Skip to main content
sinus headache or migraine

Ask the Expert: Sinus Headaches vs. Migraines

Did you know that migraines are often misdiagnosed as sinus headaches? An expert explains.

Ask the Expert is a recurring feature on the Newsroom written by Alex Romero, PhD, Associate Director, U.S. Medical Affairs at Novartis Consumer Health, the makers of Excedrin.

If you experience sinus headaches, you know the pressure and pain are not to be taken lightly. But are you sure it’s a sinus headache?

The sinuses are air-filled pockets in the skull located behind the forehead, nasal bones, cheeks and eyes. Typically, mucus drains easily from the sinuses, keeping them free of bacteria and viruses. However, if the sinuses’ openings become blocked, or if too much mucus builds up in them due to an illness such as the common cold, the resulting pressure changes in the sinuses can trigger headaches in some people. Symptoms include pressure and pain behind the eyes along with typical cold symptoms, including cough, sore throat and stuffy nose.

Those suffering from sinus headaches can take measures to help clear mucus from their sinuses, thus relieving pressure and the potential for headaches. For example, increasing fluid intake, inhaling steam two to four times per day, using a humidifier, irrigating nasal passages with saline, or taking an OTC nasal decongestant such as pseudoephedrine can help relieve congestion.

However, it’s important to note that many people often confuse sinus headaches with migraines because the signs and symptoms of the two types of headaches overlap. In fact, the Sinus, Allergy and Migraine Study (SAMS) revealed that 86 percent of the study patients diagnosed with sinus headache suffered from undiagnosed migraines. 1 Similarly, a large population-based study called American Migraine Study II showed that out of almost 30,000 study participants, only about 50 percent who were diagnosed with migraine knew they had migraine before the study. The most common misdiagnosis was sinus headache. 2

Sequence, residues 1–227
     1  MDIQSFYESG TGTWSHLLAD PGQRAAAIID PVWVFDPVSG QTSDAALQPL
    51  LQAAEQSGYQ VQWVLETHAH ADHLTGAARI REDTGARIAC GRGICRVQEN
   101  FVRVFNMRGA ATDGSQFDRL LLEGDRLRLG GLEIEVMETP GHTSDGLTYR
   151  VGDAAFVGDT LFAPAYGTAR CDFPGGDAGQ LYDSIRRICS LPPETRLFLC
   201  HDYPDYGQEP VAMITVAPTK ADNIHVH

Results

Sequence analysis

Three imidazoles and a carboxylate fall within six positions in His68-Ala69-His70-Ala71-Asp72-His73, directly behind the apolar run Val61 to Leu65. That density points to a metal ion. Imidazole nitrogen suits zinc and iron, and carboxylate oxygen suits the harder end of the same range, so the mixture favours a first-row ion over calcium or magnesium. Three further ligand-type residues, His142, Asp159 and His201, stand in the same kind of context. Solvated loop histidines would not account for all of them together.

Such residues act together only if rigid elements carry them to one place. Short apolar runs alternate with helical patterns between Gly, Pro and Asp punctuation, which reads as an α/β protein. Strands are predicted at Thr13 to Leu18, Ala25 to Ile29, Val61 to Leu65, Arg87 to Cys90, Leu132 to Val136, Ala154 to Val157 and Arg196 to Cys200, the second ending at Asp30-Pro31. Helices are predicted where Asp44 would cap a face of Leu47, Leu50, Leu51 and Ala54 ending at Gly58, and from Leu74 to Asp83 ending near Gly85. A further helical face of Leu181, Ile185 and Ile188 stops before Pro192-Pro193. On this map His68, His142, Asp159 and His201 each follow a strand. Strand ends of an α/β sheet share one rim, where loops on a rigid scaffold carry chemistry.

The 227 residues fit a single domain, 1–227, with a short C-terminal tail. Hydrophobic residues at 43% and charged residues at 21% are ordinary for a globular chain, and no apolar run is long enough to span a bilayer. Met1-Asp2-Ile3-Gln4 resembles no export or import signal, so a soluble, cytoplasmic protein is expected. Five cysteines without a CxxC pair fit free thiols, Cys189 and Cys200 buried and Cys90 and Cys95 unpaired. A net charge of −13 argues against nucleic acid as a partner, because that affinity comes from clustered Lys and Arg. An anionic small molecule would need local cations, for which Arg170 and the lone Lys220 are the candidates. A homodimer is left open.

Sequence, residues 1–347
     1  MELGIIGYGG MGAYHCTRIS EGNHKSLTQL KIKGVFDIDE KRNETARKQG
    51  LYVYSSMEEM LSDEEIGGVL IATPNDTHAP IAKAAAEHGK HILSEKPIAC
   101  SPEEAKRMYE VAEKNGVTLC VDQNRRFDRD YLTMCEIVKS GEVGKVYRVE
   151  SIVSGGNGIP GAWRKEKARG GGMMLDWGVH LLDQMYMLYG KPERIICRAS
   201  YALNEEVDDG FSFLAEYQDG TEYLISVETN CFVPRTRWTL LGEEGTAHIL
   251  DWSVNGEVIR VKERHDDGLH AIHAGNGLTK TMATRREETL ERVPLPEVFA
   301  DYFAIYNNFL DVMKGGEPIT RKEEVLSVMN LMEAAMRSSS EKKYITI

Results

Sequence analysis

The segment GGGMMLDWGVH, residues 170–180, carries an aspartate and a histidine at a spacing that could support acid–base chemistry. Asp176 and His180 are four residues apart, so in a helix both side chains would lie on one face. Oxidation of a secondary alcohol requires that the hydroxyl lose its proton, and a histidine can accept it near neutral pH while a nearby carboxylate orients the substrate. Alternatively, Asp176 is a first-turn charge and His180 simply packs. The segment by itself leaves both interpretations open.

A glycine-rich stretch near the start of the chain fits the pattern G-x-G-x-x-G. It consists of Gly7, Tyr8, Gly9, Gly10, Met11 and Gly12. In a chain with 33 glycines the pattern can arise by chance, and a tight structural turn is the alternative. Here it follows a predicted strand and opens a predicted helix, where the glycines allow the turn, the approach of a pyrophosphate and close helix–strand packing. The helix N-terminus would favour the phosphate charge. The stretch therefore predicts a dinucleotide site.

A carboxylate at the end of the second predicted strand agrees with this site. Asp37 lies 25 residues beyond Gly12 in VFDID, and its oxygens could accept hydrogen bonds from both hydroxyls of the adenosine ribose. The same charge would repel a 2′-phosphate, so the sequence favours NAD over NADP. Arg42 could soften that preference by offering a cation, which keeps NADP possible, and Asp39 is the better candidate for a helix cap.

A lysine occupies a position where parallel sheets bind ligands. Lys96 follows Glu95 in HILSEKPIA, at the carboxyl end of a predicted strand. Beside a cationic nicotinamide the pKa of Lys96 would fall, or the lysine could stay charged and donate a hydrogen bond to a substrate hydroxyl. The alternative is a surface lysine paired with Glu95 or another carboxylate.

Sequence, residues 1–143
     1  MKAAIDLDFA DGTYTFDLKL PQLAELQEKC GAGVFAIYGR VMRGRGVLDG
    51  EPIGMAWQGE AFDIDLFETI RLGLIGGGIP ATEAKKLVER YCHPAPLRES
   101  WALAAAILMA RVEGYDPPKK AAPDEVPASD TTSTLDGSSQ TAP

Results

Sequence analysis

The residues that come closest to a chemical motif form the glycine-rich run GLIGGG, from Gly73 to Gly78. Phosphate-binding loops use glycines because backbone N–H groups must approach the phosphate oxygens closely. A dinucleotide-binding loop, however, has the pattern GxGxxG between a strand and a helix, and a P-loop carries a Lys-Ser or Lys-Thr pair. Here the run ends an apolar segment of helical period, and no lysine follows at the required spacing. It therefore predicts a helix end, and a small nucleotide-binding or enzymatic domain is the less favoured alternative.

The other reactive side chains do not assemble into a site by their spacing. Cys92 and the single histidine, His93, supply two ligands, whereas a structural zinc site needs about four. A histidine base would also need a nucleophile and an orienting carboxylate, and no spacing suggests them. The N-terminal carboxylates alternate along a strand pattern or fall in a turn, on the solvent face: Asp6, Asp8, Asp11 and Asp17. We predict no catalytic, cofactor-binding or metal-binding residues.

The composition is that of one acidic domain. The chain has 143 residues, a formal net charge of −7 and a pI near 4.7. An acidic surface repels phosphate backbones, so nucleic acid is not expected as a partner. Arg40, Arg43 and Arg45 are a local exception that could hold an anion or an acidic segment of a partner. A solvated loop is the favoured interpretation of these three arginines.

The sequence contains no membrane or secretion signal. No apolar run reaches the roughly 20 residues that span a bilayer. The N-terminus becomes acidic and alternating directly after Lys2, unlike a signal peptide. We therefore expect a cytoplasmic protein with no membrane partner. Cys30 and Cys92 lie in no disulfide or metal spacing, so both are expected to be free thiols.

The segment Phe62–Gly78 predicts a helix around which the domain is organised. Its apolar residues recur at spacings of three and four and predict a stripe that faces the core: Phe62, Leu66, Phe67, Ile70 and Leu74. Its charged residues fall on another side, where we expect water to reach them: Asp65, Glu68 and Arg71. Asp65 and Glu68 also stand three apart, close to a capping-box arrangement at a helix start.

The confusion may occur partly because migraine headache involves activation of the same nerves that innervate both the sinuses and the meninges, a membrane surrounding the brain that may be involved in the generation of headache. As a result, the site from which the pain originates is difficult to pinpoint and could lead you to believe that you have a sinus headache when in fact you have a migraine.

As with sinus headaches, migraine pain often gets worse when you bend forward. Moreover, some people may not realize that migraines can be accompanied by various nasal symptoms, including congestion, facial pressure and a clear, watery nasal discharge. Sinus headaches, on the other hand, usually aren’t associated with nausea or vomiting or aggravated by noise or bright light — all common symptoms of migraines.

This article is meant to be informational only and should not be taken as medical advice. If you experience recurrent sinus headaches or feel that your sinus headaches could be migraines — or if you have any kind of head pain — consult your doctor or pharmacist.


  1. Eross E, Dodick D, Eross M. The Sinus, Allergy and Migraine Study (SAMS). Headache. 2007 Feb;47(2):213-24.
  2. Lipton RB, Diamond S, Reed M, Diamond ML, Stewart WF. Migraine diagnosis and treatment: results from the American Migraine Study II. Headache. 2001 Jul-Aug;41(7):638-45.


References:  migraine causes, sinus headache, types of headaches, migraine symptoms

Alternative text

Manage your migraines a
little easier with our 5-week
Migraine Survival Guide.